HM Land Registry has built a prototype for a new digital register and plans to populate it with data from existing sources as part of its move towards a ‘Lego’ approach.
A blogpost from the agency has outlined the steps towards the next version of the register of land and property in England and Wales, saying it will take a new approach to provide information from legal documents in a more consistent and structured format.
It describes this as the Lego approach, saying it will ultimately make it easier for users to access the data.
This contrasts with the current ‘Tetris’ approach in which the data is semi-structured, with some entries set out in registers while others are filed in associated documents. This makes the information accessible but often requires that it is read and interpreted before being extracted.
Land Registry says it has built the prototype to learn about the data model, methods for identifying and extracting data from its deeds and documents, and spotting which relationships add value to the register.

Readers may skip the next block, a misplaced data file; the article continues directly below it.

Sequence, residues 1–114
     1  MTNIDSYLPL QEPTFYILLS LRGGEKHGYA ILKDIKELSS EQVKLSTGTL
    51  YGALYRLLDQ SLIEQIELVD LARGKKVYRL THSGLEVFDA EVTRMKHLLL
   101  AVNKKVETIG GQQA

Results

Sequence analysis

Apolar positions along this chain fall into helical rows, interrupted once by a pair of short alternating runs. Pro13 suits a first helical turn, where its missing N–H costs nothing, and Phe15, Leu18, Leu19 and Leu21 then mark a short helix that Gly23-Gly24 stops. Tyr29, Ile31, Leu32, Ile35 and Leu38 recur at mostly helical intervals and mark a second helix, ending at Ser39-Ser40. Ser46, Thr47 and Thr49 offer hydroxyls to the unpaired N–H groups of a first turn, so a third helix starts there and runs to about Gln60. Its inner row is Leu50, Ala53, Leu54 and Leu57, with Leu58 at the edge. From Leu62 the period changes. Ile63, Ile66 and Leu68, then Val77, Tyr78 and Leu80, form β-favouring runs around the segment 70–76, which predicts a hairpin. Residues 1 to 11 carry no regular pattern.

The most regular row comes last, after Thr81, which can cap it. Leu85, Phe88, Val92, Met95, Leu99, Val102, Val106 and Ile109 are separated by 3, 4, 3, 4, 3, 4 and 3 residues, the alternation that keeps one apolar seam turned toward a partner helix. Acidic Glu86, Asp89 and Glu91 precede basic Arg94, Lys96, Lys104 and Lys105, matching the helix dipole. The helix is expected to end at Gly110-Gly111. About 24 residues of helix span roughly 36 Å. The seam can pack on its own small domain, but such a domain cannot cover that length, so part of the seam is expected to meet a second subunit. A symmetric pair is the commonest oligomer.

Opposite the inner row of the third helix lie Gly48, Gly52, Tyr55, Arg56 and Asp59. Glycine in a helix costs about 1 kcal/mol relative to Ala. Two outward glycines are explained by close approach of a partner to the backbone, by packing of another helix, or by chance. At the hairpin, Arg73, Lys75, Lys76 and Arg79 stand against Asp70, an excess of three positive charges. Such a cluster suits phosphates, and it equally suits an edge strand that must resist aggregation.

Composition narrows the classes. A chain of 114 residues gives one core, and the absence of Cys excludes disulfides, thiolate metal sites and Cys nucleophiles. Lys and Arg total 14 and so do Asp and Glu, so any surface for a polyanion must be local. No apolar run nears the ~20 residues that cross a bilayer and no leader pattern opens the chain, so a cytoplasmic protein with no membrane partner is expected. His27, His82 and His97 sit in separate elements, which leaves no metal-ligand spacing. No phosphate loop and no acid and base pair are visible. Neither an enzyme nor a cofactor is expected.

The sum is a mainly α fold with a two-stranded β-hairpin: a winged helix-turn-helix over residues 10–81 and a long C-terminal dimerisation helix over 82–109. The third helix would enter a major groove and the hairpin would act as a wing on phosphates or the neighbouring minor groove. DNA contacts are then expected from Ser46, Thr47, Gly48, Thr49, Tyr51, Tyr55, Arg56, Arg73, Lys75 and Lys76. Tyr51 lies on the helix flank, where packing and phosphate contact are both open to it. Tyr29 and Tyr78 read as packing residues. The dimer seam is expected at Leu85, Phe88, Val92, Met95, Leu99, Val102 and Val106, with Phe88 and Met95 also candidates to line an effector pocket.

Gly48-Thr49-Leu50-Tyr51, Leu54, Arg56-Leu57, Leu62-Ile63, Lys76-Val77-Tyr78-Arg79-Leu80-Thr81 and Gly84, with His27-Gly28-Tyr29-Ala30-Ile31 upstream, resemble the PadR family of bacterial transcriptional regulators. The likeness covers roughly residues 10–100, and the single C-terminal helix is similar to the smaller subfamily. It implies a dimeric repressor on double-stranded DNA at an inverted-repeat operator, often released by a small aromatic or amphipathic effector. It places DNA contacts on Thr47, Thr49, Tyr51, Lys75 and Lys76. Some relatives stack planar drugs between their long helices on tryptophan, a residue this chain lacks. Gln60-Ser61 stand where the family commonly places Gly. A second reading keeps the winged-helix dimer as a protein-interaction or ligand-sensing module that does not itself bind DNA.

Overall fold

The next stage will involve migrating data from current stores into the prototype with the aim of improving the automated processing of applications. Once this has been done, the agency will aim to migrate as much of the register as possible to the new format by 2022.
It has identified a number of demands for the new version, including that it is composed of computer-readable data in a single, logical store, and that it makes it possible to identify party, place and interests uniquely, to improve the integrity of the register and enable simple searches.
In addition, it has to make it possible to manage relationships within and between titles, and include digital title plans.
“This work will enable much of HM Land Registry’s ambitions for 2022, as detailed in our Business Strategy,” the blog says. “An enhanced Land Register will improve our ability to automate processes and enable us to provide more specific services to customers.
“As the data becomes more structured, this will facilitate new and currently unattainable services while supporting our counter-fraud work.”